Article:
Plate Heat Exchanger : For Dummies

In a new era of sustainability, there’s a growing urgency to save energy and reduce overall environmental impacts. By implementing the use of a plate heat exchanger, energy can be transferred between two fluids at different temperatures. This improves efficiency through heat transfer. The energy already in the system can be transferred before it leaves the system. In this article we tackle the basics of heat exchange and discuss how to maintain a plate heat exchanger. 


Diagram of how a basic heat exchanger works.

The main functionality of a heat exchanger is to transfer heat between two fluids at different temperatures. Most exchangers consist of a coiled pipe that allows one fluid to passes through a chamber which holds another fluid. The pipes’ walls are metal, or another substance containing a high thermal conductivity to enable the interchange of heat. The chamber in which the pipes are held are made out of plastic or coated with thermal insulation to keep heat from escaping.

Many of the most popular types of heat exchangers used in the mechanical industry consist of shell and tube, air-cooled, plate, and frame.

Many plate heat exchangers are made of corrugated plates on a frame. This creates high turbulence and high wall shear stress, resulting in a high heat transfer and a high fouling resistance.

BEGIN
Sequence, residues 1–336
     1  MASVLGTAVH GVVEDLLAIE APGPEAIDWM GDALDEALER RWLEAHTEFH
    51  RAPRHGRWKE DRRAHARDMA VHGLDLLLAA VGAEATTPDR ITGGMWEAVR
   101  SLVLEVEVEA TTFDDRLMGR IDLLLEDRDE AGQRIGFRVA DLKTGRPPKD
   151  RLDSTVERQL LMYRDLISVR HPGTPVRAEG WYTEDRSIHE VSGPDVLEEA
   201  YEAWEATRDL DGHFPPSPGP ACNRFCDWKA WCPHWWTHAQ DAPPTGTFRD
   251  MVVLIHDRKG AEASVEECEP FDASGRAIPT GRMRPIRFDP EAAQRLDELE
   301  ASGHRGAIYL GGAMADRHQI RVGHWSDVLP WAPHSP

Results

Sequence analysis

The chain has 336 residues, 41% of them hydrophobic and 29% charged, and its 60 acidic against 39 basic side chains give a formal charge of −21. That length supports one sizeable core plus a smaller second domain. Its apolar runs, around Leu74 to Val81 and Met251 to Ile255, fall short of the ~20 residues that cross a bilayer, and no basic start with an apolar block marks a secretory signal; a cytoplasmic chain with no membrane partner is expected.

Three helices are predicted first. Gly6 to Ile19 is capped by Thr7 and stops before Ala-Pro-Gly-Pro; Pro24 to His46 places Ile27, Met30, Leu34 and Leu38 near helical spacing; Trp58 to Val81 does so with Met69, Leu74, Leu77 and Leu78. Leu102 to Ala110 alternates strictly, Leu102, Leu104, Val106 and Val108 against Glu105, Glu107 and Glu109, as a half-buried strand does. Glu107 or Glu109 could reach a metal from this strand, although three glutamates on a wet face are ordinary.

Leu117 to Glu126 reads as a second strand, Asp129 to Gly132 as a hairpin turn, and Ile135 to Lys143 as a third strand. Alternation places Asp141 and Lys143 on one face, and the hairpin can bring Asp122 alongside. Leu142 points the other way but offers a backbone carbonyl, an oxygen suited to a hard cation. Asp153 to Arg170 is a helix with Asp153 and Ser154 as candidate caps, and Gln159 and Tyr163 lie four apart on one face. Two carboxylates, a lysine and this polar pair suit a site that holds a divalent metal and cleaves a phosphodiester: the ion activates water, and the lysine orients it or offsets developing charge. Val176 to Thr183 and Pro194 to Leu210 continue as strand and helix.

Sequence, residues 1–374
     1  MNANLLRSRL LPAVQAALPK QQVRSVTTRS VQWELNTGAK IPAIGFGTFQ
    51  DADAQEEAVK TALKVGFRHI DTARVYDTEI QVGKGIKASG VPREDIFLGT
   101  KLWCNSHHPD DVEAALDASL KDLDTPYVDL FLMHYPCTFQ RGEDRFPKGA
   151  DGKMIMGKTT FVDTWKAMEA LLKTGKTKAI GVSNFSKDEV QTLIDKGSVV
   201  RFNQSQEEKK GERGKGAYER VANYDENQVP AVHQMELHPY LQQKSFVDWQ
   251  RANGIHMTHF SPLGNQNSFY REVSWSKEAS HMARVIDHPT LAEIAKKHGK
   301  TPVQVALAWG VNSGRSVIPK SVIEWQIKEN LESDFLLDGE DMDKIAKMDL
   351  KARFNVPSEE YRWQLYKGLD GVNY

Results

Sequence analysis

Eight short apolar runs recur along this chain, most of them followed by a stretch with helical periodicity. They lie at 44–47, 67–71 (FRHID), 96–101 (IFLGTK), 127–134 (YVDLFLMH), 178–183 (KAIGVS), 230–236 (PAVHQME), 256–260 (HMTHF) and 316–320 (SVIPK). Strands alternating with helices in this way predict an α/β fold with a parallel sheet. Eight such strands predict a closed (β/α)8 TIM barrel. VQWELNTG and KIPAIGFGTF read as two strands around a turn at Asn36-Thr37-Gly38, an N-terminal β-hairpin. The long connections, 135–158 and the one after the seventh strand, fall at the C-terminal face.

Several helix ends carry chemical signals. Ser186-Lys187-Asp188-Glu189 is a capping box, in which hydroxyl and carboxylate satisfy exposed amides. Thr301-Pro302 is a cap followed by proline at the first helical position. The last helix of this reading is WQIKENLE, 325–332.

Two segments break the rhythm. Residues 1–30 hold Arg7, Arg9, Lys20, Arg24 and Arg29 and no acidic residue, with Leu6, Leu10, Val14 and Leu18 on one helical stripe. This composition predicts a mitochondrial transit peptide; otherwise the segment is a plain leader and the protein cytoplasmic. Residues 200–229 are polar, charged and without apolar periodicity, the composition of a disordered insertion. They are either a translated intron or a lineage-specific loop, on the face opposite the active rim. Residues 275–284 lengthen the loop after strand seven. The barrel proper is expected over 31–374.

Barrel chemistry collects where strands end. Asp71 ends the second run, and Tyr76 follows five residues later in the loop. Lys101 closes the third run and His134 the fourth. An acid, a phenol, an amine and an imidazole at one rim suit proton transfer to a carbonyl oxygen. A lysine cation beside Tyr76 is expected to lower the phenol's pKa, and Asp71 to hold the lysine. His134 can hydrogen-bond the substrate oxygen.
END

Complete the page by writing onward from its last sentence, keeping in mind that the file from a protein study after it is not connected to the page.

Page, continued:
There are four main types to consider:

  • Gasketed plate heat exchangers – These exchangers use high-quality gaskets and designs to seal plates together and protect against any leaks. You can remove plates easily for cleaning, expansion, or replacing purposes, which helps reduce maintenance costs.
  • Brazed plate heat exchangers – Used in many industrial and refrigeration applications, these exchangers can be very efficient and compact. This tends to make them a highly economic choice. If you’re using a stainless steel plate with copper brazing, this dynamic can be highly resistant to corrosion.
  • Welded plate heat exchangers – These are very similar to gasketed heat exchangers but the difference is the Welded plates can be attached together. They are very durable and are ideal when it comes to transferring fluids with high temperatures or corrosive materials. Since the plates can be welded together, cleaning the plates isn’t possible compared to cleaning plate heat exchangers.
  • Semi-Welded plate heat exchangers – Feature a mix of welded and gasket plates. The two plates are welded together and gasketed to other pairs within the heat exchanger. This results in an easy to service heat exchanger and you’re able to transfer more fluids throughout the system. Semi-Welded heat exchangers are great for transferring expensive materials due to their low risk of fluid loss.